“Why didn’t you start an exercise blog instead of a food blog?” DH asked me the other day. “We need to exercise more than we need to eat.” I said, “Well, I can write about exercise, too.” So I decided to write about the adventure we had this past weekend.
A few months ago, DH suggested that we do the 2-day Michigander Bicycle Tour. “It’s only 35 miles a day, for two days,” he said. “We have all day – we can take it slow, stop to see the sights, go out for lunch along the way, and relax.”
On Friday we drove three hours north to camp at Indian Lakes High School in Indian River. DH was such a sweetie, he let me have the air mattress while he slept on a sleeping pad. There was no 3G, so no checking in on Facebook. I wanted an “unplugged” weekend, but it was still strange. We turned in early since we had a big weekend ahead. As I drifted off to sleep I thought to myself, “Self, I think you should have trained a bit more for this ride. Oh well, 35 miles isn’t much, plus you have all day to get there.”
At 5:30 AM you could hear tent zippers as people started to tear down and pack their gear bags in anticipation of breakfast and registration and hitting the road. Poor DH was miserable after sleeping all night on the pad. He said it was like sleeping on concrete. He wanted to look for a sporting goods store along the way, so no sleeping in for me.
At breakfast we met two older gentlemen from the other side of the state, along with one of their grandsons. It always impresses me when I meet people in their 70s doing these types of trips. I hope to be that energetic in 40 years!
Now, you should know that the Michigander is a celebration of Michigan’s rails to trails paths, so you can ride a trail the whole way. Or, if you prefer, you can choose a paved road option. Since I have skinny road tires on my bike, we took the road. One of the advantages of taking the road is that you can coast. On a trail you don’t have that option. However, you also don’t have hills on the trail. We had some nice hills right away so it was good to see a SAG stop relatively early on.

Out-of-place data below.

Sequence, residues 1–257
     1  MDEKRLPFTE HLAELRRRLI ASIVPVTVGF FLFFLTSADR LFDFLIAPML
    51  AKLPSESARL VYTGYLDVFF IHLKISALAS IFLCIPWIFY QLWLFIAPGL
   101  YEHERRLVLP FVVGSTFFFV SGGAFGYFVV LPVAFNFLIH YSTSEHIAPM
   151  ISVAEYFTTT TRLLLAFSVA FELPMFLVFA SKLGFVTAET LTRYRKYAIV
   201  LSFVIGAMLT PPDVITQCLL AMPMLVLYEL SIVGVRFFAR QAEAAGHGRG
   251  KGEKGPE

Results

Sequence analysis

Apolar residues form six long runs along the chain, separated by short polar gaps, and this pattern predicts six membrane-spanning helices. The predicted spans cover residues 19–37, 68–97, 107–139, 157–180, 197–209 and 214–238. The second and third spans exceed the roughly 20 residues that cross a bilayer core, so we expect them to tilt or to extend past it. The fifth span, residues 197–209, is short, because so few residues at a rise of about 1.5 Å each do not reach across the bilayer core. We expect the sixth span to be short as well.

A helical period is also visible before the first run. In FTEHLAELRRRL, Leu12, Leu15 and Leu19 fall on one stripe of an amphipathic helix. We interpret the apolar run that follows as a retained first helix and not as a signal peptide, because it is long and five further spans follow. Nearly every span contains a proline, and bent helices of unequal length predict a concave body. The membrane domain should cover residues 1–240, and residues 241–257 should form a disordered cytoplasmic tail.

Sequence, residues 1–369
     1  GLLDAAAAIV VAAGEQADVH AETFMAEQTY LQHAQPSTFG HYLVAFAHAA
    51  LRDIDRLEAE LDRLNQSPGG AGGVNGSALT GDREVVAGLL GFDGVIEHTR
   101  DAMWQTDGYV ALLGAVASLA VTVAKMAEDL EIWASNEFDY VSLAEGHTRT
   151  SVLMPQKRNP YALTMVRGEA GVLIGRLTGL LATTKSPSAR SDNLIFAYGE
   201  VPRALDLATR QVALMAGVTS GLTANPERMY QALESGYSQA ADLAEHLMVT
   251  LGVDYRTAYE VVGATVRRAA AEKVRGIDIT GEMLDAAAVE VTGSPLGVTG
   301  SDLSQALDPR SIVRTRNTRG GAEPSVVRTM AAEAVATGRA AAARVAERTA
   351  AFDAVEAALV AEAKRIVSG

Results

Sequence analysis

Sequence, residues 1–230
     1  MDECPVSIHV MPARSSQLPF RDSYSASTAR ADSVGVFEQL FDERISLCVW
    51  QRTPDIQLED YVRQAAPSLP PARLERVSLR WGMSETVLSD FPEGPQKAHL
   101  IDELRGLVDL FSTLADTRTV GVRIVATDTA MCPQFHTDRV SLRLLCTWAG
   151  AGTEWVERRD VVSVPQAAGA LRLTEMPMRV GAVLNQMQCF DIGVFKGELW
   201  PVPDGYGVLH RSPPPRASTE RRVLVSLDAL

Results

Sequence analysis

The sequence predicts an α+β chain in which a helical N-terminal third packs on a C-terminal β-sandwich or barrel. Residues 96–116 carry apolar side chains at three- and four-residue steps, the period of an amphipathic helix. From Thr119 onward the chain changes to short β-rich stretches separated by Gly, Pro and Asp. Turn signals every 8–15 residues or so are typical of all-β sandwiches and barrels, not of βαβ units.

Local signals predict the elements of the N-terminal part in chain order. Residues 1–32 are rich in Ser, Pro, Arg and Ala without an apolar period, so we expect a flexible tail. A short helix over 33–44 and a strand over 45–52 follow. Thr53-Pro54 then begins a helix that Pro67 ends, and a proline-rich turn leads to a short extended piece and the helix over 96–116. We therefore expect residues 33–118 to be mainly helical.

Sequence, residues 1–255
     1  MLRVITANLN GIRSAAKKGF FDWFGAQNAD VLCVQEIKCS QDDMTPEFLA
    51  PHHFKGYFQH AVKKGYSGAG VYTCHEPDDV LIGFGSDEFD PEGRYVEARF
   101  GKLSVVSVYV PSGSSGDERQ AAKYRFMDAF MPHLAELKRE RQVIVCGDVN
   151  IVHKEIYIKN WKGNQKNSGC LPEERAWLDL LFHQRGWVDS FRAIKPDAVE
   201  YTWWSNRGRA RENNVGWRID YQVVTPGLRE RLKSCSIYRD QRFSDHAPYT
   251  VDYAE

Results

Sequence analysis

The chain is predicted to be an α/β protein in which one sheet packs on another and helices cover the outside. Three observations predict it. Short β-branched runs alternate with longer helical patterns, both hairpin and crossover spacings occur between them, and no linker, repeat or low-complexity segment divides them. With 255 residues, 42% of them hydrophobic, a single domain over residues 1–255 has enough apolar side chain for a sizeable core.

Apparently it’s a tradition with the Michigander to have themed SAG stops, just for something fun (although the 2-day riders didn’t get a theme on Sunday. The 6 and 7 day riders get more themes. But then, they also have to ride more days!)
I should mention that there were a LOT of families on this tour. I give props to all the kids who were able to manage riding that long! Although, truth be told, they probably had more energy than most of the adults. There were also several people with those trailers for their kids to ride in. One dad even had two kids in his trailer. Wow!
After the first rest stop, we traveled through Mullet Lake and some beautiful countryside, going through Cheboygan and ending up in Mackinaw City. I really wish that I had taken photos of some of the scenic views, but once we were in a groove we didn’t want to stop pedaling. Somehow 35 miles seemed a lot longer once we were actually riding it. The hills took their toll and by the time we got to Cheboygan, where a number of people stopped for lunch, DH wanted to just get to camp as soon as possible to get off the bikes. I agreed. Once we reached Mackinaw City we saw a Bass Pro shop and looked for an air mattress for DH. No luck. We pedaled around (past lots of tempting fudge shops, I might add) and finally found a hardware store. DH ended up buying two blow up pool floaties and using those for a makeshift mattress pad. The extra detour meant that we put in 40 miles on our bikes that day.